Just before Kenya gained internal self-rule, only Pumwani School offered post-primary education to the natives in Nairobi.
So a group of missionaries vowed to start a school for all races. Among the missionaries was Prof David Sperling. He joined forces with others to start the first multiracial college, Strathmore, in 1961.
It all began in 1957 when Monsignor Gastone Mojaisky-Perrelli, the new Apostolic Delegate for the British dominions in Eastern and Western Africa, wrote to Opus Dei founder, St Josemaría Escrivá.
Monsignor Mojaisky-Perrelli asked for professionals to realise the dream of many African and Asian students unable to obtain A-levels and proceed to university.
He was looking for people who could establish schools and colleges open to all races. He wanted to start a Roman Catholic University in Kenya.
At the time Makerere College in Kampala was the only one offering degree programmes in East Africa, and it was about to stop admitting students with only school certificates.
The Royal Technical College in Nairobi offered GSC Advanced levels and issued Higher Certificates.
St Josemaria agreed to the request, but insisted the college had to be interracial and open to non-Catholic and non-Christian students with admission based on academic merit.
“It wasn’t an easy thing to do,” Prof Sperling recalls. “But there was an urgent need for it. In Nairobi only Pumwani was offering secondary education to Africans.”
There were several challenges. For one, it would take a lot to convince the colonial authorities to grant permission to start an interracial school given the existing bad blood between whites and Africans.
Prof Sperling, Kevin O’Bryne, Ed Hernandez and Silvano Borruso moved to Kenya to help establish Opus Dei as well as to set up the college.
The four men never married as they had dedicated their lives as lay members of Opus Dei to this enterprise.
They still had no funds, and persuading the mostly white residents of Lavington estate to agree to the construction of a multiracial A-level school in their neighbourhood was not a walk in the park.
But once most of the hurdles had been surmounted, the founders decided to call the college Strathmore. The name was chosen because the dirt road that ran next to the college was called Strathcona Road.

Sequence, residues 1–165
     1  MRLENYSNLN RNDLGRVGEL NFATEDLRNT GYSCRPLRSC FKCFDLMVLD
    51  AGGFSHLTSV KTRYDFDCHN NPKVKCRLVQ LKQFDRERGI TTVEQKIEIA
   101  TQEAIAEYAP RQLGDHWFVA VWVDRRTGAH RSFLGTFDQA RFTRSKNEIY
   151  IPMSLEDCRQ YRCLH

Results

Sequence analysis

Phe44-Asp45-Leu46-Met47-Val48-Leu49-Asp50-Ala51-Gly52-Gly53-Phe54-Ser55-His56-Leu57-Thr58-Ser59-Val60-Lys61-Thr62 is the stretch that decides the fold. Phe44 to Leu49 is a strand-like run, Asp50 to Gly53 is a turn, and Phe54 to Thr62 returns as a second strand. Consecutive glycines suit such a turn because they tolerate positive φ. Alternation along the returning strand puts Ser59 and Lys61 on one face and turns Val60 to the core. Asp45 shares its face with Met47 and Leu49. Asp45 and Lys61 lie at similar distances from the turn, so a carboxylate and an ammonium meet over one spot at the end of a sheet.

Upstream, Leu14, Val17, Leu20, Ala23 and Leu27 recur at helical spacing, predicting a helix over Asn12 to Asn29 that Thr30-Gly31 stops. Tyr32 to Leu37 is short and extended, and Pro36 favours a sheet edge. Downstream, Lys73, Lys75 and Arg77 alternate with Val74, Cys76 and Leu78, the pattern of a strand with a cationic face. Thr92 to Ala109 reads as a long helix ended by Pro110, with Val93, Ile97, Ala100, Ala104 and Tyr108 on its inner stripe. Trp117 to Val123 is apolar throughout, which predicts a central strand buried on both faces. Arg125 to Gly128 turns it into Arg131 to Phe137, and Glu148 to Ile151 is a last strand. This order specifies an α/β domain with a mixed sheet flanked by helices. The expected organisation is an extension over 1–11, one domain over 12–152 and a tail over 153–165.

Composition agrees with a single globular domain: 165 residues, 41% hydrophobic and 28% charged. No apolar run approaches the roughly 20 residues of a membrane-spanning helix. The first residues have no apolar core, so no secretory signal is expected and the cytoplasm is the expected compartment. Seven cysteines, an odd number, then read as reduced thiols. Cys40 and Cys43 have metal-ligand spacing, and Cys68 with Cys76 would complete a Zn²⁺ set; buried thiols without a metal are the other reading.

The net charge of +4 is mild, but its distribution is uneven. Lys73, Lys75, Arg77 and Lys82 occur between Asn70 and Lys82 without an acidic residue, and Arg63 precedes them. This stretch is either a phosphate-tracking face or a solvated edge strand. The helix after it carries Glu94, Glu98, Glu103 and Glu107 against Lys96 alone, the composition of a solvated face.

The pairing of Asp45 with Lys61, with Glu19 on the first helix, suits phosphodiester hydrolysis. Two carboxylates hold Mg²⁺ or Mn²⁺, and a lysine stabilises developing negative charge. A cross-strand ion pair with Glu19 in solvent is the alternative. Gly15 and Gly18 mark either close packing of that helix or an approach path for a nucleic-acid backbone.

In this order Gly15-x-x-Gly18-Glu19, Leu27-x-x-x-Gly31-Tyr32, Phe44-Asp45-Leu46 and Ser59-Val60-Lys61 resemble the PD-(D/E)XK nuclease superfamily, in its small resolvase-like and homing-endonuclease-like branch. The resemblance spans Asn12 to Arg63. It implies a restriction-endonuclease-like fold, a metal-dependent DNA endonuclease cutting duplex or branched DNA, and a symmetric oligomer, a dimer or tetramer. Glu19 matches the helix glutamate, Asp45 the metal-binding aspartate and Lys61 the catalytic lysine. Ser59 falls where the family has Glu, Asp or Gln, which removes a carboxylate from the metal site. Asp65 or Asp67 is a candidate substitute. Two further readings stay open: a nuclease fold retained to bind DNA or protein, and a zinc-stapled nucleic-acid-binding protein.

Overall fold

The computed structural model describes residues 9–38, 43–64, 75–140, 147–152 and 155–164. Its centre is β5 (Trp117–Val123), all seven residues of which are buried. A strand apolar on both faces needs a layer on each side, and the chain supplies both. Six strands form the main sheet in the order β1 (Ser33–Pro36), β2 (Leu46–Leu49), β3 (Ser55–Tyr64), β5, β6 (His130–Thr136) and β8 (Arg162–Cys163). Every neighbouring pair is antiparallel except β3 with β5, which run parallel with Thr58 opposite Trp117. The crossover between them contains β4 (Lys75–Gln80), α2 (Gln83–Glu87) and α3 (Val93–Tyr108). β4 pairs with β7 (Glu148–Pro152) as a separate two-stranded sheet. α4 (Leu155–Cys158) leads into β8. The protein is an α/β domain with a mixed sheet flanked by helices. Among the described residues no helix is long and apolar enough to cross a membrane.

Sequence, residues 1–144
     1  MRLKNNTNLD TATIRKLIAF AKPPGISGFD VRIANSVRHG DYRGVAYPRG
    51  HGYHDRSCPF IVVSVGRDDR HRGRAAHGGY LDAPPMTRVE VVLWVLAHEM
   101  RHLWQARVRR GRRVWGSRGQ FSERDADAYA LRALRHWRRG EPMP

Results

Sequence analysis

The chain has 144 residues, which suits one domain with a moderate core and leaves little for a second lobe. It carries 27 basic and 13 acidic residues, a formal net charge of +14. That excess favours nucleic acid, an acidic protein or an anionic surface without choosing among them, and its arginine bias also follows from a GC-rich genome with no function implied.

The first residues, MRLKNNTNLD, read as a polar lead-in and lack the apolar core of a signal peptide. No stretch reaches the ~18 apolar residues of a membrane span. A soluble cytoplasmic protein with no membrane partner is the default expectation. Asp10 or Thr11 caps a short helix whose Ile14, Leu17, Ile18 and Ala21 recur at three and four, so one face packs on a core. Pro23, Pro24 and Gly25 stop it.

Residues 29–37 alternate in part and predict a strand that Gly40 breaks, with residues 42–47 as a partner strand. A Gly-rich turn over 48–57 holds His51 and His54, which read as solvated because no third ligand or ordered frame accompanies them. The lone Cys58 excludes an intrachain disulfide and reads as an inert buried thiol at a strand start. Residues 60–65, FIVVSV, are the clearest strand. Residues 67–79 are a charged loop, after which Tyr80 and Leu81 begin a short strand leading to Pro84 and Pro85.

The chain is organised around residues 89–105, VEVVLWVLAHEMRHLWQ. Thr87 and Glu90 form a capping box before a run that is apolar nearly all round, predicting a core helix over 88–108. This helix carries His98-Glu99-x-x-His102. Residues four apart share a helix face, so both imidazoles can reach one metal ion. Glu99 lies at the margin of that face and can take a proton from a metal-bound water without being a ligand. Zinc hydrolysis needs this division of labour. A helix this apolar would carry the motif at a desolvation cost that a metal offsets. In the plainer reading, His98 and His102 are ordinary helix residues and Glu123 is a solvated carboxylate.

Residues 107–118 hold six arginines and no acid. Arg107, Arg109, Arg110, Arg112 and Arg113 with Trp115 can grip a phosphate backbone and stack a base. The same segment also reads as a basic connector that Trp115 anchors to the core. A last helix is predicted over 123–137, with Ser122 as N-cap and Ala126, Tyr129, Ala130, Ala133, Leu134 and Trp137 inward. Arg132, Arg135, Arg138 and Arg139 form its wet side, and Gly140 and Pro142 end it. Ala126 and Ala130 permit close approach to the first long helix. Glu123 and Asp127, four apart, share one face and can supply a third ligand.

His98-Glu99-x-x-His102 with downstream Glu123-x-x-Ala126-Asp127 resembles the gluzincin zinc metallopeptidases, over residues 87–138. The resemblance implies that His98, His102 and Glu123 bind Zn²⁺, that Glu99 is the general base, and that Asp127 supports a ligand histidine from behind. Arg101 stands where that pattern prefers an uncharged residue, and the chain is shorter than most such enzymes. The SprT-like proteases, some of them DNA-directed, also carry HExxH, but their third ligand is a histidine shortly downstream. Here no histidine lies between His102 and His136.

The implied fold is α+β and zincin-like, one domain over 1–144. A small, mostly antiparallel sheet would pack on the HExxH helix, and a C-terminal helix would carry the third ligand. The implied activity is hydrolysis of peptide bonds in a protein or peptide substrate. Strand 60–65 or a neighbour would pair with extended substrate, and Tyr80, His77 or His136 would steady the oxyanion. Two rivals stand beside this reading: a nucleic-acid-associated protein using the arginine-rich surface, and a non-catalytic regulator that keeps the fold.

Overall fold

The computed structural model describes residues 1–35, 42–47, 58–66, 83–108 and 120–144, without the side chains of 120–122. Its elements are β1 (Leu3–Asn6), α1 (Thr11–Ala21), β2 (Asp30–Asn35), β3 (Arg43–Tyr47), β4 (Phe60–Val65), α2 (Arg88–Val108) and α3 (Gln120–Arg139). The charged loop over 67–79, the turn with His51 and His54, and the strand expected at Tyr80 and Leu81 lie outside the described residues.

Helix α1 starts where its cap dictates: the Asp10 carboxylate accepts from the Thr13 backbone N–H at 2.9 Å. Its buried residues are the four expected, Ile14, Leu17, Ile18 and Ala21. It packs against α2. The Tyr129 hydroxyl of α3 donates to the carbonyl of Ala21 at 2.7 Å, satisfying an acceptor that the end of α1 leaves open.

The school received its first students on March 6, 1961, with Prof Sperling at the helm. “Our original college was, in fact, an A-level school,” he said.
“It was because of its unique Form Six-only characteristic that we decided to call it a college.” Those who attended recall learning in “a mature setting.” You could take it as a university where students were allowed to drink alcohol.
Commission on Revenue Allocation chief Micah Cheserem, KCB chairman Peter Muthoka, and the first chairman of Veterinary Medicine at the University of Nairobi, Prof Dominic Oduor, are all former students also present at Strathmore as the Nation interviewed their former principal.
In 1966, the school introduced a School of Accountancy that started offering part-time programmes in 1982.
In 1986, the government donated five acres on Ole Sangale Road, Madaraka Estate, Nairobi, for a new campus after the Lavington campus became crowded. The same year, Prof Sperling handed over the job of principal to John Branya.
Since he was no longer busy with the management of the school, Prof Sperling went on to do historical research, specialising in Islam in Africa.
The fluent Kiswahili speaker has also taught the subject in secondary schools with excellent results. He also knows the Coast as the research for his PhD thesis was done during visits to many of the villages there.
He taught at the University of Nairobi for many years before returning to Strathmore after it was recognised as a university in 2002.
In addition to his academic work, Prof Sperling took part in and later became a trainer of the Kenyan speed-walking team where he is still fondly remembered.
He is also on the board of the educational charity, the Rahimtulla Trust, and has been instrumental in helping hundreds of Kenyans pay school and college fees.
In 2007 under the guidance of Prof Sperling, the Strathmore Alumni Liaison office became the first institution in East Africa to launch an annual fund.
The idea was borrowed from Harvard University’s Annual Fund.
That same year President Mwai Kibaki awarded the Elder of the Order of the Burning Spear to this man, a Bachelor of Arts degree holder from Yale University, with a master’s from Harvard.
It is often said that he never fails at whatever he puts his mind to, especially in the maintenance of buildings and discipline.
Can that be really true? “Of course, we often fail to meet that standard, but it shouldn’t be for want of trying,” the professor says.
At 76, Prof Sperling continues to teach at Strathmore University.